January 6th, 2013
07:28 AM ET
By Jordan Hultine, CNN
Atlanta (CNN)–More than 60,000 young Christians packed the Georgia Dome in Atlanta for worship and inspiration at the Passion 2013 conference that wrapped up on Friday. They came together from 56 countries and 2,300 universities, according to organizers, “to shine a light on modern-day slavery.”
“We believe when you fill a dome full of people who say they follow Jesus, there should be some tangible action,” said Bryson Vogeltanz, chief steward of Passion’s freedom initiative. That tangible action came in the form of tens of thousands of towels and socks donated by conference-goers to be handed out at local homeless shelters in the weeks following the conference.
Vogeltanz and his team also wanted a global initiative. They focused on four key goals, which they called awake, prevent, rescue and restore. They identified 19 nonprofit organizations working around the world to eradicate modern-day slavery and human trafficking. The organizations were showcased during the conference and students and volunteers had the opportunity to donate money to the cause.
The United Nations estimates 27 million people are entrapped in modern-day slavery at any given time around the world in a market valued at $32 billion.
Last year, Hagar International was one of the recipients of those donations. Hagar helps women and children recovering from horrific abuse and human trafficking in Cambodia, Afghanistan and Vietnam.
“We have been able to serve children who have been released from egregious abuse of being trafficked for sex, both boys and girls, in Cambodia,” said Jane Tafel of Hagar. “Those children have a new life now because of Passion 2012.” Tafel returned to the conference this year for the organization and was anxiously waiting to hear final donation numbers.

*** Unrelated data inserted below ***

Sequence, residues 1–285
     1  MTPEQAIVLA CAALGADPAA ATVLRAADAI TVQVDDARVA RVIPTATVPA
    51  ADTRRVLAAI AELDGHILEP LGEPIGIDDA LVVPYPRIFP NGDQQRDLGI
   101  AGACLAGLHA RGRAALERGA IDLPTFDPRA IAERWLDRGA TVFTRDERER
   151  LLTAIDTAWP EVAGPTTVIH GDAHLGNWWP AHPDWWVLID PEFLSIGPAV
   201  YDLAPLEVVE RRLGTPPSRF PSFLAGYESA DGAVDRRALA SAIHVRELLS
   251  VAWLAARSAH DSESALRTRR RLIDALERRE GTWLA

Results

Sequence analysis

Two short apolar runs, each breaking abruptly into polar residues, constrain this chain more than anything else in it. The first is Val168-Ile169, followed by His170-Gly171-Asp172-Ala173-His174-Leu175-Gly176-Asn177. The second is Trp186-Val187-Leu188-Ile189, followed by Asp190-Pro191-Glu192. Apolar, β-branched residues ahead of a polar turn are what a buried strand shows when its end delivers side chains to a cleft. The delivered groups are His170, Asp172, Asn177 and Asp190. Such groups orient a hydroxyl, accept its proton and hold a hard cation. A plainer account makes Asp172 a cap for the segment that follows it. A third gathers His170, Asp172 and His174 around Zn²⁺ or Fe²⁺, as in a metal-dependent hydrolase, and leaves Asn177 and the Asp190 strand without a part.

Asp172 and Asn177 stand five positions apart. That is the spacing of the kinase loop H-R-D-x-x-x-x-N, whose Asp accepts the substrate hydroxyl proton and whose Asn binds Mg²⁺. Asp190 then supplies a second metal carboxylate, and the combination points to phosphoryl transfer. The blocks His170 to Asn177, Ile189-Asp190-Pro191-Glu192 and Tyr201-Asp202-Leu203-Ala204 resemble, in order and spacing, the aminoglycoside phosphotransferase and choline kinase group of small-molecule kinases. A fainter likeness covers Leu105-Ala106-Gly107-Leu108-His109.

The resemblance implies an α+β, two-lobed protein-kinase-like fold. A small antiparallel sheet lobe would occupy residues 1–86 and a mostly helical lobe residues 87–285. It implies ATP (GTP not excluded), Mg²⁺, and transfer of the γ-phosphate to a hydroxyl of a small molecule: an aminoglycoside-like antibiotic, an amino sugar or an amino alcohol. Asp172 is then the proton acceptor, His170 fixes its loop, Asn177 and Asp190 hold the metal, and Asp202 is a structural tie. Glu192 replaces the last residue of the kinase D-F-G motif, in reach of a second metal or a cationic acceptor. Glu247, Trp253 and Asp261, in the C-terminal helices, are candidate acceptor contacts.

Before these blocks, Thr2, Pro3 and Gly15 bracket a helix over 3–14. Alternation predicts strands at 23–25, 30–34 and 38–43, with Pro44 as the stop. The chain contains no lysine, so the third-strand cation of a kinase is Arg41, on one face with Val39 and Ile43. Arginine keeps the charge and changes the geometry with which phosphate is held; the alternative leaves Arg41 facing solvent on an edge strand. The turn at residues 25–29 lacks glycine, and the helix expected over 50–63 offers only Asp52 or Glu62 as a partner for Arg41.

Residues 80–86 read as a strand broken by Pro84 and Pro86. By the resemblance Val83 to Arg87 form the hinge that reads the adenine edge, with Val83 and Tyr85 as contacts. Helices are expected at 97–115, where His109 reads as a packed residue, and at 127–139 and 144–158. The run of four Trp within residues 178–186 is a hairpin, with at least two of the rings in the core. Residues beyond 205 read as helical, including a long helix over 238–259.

Wellspring Living, an organization that provides restorative services for girls who have been trafficked or suffered sexual abuse, said it was able to open a new transition facility as a result of the gifts that conference-goers gave last year, according to president and CEO Mary Frances Bowley.
“This generation has the potential not just to end slavery, they have the potential to do anything,” Vogeltanz said. “Jesus was the original abolitionist. We’re just following what he’s already done in our lives for us," he said, referring to the Christian belief that Jesus saved all mankind from slavery and sin.
Students spent each day of the four-day conference participating in “community group” learning sessions and praise and worship led by well-known Christian musicians like Chris Tomlin.
An Atlanta-based pastor, Louie Giglio, started Passion in 1997. The goal, he said, was to see college students around the world “awaken to the reality of an omnipotent and glorious Creator.” Since then, organizers said, millions of students have joined the movement at Passion events around the world.
Sarah Stone is a college student from Atlanta who came to Passion with her church group. She said she came looking for a way to live her faith more fully. “Christianity is not just about saying a prayer and going to church on Sunday, it’s about living for Christ with every single thing you do,” Stone said.
Belmont University student William Dodd said it’s inspiring to be surrounded by so many other college students who are gathered for the same purpose, and he is leaving with a desire to “get in the fight to end (slavery). God made us powerful creatures with a really big voice.”
“It’s inspiring to see a generation so engaged and looking out of themselves and looking at things like slavery and actually committing to making people aware of it – and it’s only the beginning,” said Jolie, who declined to give her last name, a conference volunteer who traveled from Australia to be a part of the Passion.
Passion organizers said the students gave $3,170,639 in support of their freedom initiative. Beyond fund-raising, organizers said, the goal was to shine a light on a worldwide problem and to inspire action.
Ramses Prashad, a college student from Orlando, Florida, said he has no other choice but to make a change when he gets home. “I can’t say that I didn’t know and say I wasn’t aware, so I have no other choice but to raise awareness and to do as much as I can for the cause and for the people.”
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